Sweden's gaming regulator to ban wagering on sporting violations

Spelinspektionen to implement a ban on betting on rule violations in football like yellow and red cards

The Swedish Gaming Authority, Spelinspektionen, has confirmed new measures to resolve match-fixing, one of the biggest threats to sport nowadays, by submitting new proposed regulations to Sweden’s National Board of Trade.

The focus is particularly on football and prohibits betting on rule violations such as yellow or red cards. Regulators are also proposing not allowing operators to take bets on individual achievements of players aged under 18.

Back in May, the regulator proposed the ban on betting when it came to lower divisions and limiting betting to just the top 4 divisions those being top level Allsvenskan, second-tier Superettan, Division 1 Norra and Södra, and six regional Division 2 leagues in Sweden..

Gustaf Hoffstedt (@GustafHoffstedt) | TwitterFootball is a high-risk sport when it comes to match-fixing and there are special risks with low divisions. Surveillance is poorer and practitioners do not make money from their sport.

“The Swedish Gambling Authority has therefore chosen to place special emphasis on football and has taken into account views received from the consultative bodies.” Said the regulator.

Gustaf Hoffstedt, secretary general for the online gaming operators’ association Branschföreningen för Onlinespel (BOS), criticised the move in a statement and said “Spelinspektionen claims to have found a well-balanced point between different interests but there is no balanced point in this matter. Either you believe restrictions for licensed companies lead to reduced match-fixing [or not]. In that case, I wonder why Spelinspektionen can be content with these relatively peripheral restrictions.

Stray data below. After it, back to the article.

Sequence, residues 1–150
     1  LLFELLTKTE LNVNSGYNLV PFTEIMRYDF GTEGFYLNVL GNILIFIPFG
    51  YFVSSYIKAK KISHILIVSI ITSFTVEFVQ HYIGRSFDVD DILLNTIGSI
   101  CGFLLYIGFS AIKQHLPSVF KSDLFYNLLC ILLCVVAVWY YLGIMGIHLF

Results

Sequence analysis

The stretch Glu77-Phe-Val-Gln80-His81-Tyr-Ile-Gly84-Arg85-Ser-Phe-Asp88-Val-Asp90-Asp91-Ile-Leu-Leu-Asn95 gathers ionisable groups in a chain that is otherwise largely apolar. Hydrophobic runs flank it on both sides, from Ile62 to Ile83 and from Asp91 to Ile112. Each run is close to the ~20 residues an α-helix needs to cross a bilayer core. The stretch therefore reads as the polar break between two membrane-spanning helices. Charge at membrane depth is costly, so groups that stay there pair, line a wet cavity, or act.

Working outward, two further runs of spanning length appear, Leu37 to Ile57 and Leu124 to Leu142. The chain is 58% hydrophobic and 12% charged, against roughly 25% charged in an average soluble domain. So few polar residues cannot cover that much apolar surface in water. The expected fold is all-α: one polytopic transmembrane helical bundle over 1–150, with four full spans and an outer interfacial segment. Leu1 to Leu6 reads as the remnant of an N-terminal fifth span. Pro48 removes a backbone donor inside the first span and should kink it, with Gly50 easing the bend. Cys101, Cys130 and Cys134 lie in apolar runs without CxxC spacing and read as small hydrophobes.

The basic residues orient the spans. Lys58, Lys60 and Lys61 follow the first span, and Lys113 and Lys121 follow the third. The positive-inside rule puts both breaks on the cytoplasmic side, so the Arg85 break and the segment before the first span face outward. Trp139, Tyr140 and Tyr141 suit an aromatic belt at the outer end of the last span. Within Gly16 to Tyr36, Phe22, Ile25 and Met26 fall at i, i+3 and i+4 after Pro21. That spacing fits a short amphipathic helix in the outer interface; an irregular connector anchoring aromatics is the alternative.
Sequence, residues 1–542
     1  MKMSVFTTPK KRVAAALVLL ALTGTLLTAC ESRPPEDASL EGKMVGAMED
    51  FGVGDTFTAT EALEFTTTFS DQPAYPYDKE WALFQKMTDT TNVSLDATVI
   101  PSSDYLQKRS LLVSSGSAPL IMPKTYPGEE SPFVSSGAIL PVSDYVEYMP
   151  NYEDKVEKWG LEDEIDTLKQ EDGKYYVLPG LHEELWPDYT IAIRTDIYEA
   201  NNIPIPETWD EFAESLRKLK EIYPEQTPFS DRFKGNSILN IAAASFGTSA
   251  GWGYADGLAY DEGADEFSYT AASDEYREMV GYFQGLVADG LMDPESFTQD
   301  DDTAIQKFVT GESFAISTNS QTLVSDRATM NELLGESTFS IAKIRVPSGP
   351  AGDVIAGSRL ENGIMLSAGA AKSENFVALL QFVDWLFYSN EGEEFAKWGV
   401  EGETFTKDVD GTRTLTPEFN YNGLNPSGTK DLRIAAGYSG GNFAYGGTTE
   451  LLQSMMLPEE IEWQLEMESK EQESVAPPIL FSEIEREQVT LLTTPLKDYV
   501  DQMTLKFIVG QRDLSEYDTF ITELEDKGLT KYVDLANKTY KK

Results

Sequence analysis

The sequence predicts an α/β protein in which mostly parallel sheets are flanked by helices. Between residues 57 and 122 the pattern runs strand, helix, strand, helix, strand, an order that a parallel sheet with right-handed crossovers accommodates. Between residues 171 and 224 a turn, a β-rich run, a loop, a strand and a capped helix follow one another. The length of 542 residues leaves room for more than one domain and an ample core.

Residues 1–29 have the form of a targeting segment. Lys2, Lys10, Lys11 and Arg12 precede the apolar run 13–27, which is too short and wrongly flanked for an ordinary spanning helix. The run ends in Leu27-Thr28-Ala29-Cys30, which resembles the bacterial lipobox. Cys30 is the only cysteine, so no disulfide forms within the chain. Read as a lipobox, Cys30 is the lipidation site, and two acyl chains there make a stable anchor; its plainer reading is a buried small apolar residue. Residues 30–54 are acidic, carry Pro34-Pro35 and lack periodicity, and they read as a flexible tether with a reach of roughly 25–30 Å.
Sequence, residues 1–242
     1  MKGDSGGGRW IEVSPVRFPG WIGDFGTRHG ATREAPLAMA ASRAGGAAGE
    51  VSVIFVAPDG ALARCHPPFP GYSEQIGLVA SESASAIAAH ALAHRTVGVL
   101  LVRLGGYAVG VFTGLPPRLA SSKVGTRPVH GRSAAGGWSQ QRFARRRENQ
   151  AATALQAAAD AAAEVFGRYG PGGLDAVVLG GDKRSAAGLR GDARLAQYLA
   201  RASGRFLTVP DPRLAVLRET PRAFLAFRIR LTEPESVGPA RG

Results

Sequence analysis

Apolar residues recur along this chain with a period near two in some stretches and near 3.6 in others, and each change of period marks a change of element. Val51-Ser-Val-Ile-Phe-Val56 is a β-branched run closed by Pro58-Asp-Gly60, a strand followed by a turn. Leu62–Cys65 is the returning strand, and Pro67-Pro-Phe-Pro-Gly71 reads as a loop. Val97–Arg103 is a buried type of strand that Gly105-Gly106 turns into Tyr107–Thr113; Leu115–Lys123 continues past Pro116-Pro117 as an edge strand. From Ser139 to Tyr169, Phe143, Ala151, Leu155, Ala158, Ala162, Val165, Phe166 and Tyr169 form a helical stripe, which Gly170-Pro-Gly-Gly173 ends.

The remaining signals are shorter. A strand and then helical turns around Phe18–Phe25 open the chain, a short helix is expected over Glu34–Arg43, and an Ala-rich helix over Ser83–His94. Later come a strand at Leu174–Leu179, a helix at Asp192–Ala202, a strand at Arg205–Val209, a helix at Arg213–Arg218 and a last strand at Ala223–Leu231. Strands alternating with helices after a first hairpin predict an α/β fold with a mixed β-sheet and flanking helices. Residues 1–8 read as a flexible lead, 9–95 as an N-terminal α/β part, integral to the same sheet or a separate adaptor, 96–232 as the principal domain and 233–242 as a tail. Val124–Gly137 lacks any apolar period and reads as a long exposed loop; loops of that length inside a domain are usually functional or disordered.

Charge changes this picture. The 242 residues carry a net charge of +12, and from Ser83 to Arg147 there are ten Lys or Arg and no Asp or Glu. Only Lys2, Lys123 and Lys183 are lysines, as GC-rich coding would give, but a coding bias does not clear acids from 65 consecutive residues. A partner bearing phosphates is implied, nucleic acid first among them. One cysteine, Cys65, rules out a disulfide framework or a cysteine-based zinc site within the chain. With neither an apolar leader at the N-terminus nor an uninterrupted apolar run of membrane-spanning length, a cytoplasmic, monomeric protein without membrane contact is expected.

“In that case, the only responsibility would be to impose restrictions on almost everything if one is so convinced that they have a positive effect. The Swedish Gambling Authority is often blamed for a lot of things when, in fact, it is the government that is to be held accountable. This case is unique, however, in that it is the SGA itself that has chosen to impose the restrictions and this without any analysis of their effect. This, of course, damages SGA’s reputation.

These rules would only be applied to matches played in Sweden and are coming into force on 1 January 2021.

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